S&P alters rating scale for bond issuers
Bond issuers will have their credit ratings adjusted under a ‘global-to-national scale mapping’ process
Credit ratings agency S&P Global Ratings has adjusted its rating scale for bond issuers in SA.
South African insurers, financial institutions, the public sector, state-owned entities and corporates will have their credit ratings adjusted slightly this week in a process called global-to-national scale mapping.
Rand Merchant Bank credit analyst Elena Ilkova said: "The downgrade of SA’s sovereign rating in April 2017 triggered the predictable downgrade of South African issuers on the global scale. However, at the time, S&P did not adjust the global-to-national scale mapping table, which led to a large number of negative ratings actions on the national scale."
When Fitch Ratings and Moody’s Investors Service downgraded the sovereign, their mapping tables were immediately adjusted, which limited the effect on the national scale ratings changes, Ilkova said.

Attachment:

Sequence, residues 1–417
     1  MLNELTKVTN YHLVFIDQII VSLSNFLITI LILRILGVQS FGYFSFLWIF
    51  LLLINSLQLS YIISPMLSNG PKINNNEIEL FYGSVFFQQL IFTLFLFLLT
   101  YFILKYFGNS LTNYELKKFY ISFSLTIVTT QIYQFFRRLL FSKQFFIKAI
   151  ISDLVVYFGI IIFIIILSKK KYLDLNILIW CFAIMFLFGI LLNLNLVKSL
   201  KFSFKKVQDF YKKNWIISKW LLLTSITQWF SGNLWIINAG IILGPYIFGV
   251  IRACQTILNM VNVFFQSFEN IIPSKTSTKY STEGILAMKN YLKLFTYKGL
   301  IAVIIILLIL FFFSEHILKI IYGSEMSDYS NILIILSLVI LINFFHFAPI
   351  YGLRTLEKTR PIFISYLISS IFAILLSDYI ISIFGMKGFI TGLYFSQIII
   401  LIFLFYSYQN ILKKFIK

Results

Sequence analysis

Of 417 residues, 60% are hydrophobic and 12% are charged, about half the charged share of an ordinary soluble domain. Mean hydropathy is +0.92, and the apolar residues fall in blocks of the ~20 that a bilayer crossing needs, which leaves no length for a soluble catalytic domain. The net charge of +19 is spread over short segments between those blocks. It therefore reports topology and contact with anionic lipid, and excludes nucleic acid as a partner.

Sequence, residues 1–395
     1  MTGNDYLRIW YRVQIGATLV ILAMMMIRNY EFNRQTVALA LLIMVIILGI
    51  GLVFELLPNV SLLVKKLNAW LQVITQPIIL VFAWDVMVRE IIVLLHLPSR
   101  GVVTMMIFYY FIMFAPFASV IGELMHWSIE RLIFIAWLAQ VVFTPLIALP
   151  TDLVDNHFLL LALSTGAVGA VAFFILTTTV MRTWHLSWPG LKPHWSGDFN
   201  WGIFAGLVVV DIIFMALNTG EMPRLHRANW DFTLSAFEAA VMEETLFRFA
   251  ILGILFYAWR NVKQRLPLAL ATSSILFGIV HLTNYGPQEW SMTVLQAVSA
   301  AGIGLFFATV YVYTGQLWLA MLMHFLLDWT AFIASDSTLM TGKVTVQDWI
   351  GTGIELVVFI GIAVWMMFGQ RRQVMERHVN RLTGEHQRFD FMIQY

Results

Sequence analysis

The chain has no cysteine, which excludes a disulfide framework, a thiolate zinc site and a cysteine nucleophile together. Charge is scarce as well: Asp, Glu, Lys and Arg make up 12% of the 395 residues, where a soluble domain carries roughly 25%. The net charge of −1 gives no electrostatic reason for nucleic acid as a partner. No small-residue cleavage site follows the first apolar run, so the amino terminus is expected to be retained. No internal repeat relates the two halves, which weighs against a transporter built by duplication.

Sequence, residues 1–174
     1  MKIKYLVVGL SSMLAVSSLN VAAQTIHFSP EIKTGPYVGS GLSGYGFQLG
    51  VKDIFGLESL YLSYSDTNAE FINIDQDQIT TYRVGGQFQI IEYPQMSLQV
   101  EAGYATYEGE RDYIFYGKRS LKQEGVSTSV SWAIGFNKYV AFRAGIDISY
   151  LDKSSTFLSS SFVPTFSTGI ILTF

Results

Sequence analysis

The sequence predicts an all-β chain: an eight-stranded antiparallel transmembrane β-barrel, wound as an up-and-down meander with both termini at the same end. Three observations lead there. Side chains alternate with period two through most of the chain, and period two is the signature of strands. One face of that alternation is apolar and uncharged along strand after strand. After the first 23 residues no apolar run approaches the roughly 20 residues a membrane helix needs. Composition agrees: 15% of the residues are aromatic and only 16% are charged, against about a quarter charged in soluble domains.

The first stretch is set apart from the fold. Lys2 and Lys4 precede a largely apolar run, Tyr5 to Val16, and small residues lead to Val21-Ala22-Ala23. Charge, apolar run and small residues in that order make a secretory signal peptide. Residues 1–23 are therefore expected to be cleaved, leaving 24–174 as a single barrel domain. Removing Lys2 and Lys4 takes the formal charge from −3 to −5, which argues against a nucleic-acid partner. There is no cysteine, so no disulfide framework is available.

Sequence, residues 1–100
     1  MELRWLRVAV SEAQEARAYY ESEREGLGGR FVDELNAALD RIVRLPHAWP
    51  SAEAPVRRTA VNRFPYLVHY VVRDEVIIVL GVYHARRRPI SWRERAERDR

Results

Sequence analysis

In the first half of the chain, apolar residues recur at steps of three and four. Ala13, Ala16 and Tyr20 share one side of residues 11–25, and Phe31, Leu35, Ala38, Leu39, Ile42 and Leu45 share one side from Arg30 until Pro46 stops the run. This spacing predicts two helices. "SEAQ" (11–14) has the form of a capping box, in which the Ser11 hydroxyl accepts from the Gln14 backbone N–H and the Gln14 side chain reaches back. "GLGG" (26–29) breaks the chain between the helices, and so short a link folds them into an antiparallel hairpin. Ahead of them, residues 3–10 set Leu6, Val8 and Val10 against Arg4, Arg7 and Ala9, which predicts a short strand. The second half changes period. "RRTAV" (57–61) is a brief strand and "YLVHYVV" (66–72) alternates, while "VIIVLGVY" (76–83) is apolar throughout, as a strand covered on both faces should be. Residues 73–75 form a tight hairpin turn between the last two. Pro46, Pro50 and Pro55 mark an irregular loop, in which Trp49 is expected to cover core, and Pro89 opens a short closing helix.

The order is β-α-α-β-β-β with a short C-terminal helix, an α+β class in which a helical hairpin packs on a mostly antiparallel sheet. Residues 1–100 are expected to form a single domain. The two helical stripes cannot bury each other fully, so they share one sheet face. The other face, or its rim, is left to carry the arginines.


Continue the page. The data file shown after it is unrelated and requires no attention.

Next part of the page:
Our global scale issuer and issue credit ratings on the insurers are not affected by [the] rating actions
Changes were expected to 90% of the bond issuers. Ilkova said 65% of all ratings would be raised by three notches, 15% by more than three and 10% by up to two notches. S&P was also expected to raise all short-term ratings by one notch.
S&P said this week these rating actions did not reflect any change in the ratings agency’s view of the fundamental credit quality of the issuers or issues.
"Our global scale issuer and issue credit ratings on the insurers are not affected by [the] rating actions," it said.
Instead, the adjustment showed the creditworthiness of an issuer compared with other issuers in SA in order "to provide a rank-ordering of credit risk within the country".
In June, S&P reaffirmed the country’s sovereign credit rating at BB+, junk status, and kept its outlook negative.
S&P sovereign analyst Gardner Rusike warned last week that SA’s current negative outlook posed a risk to its sovereign rating, which could be lowered in the next 12 months.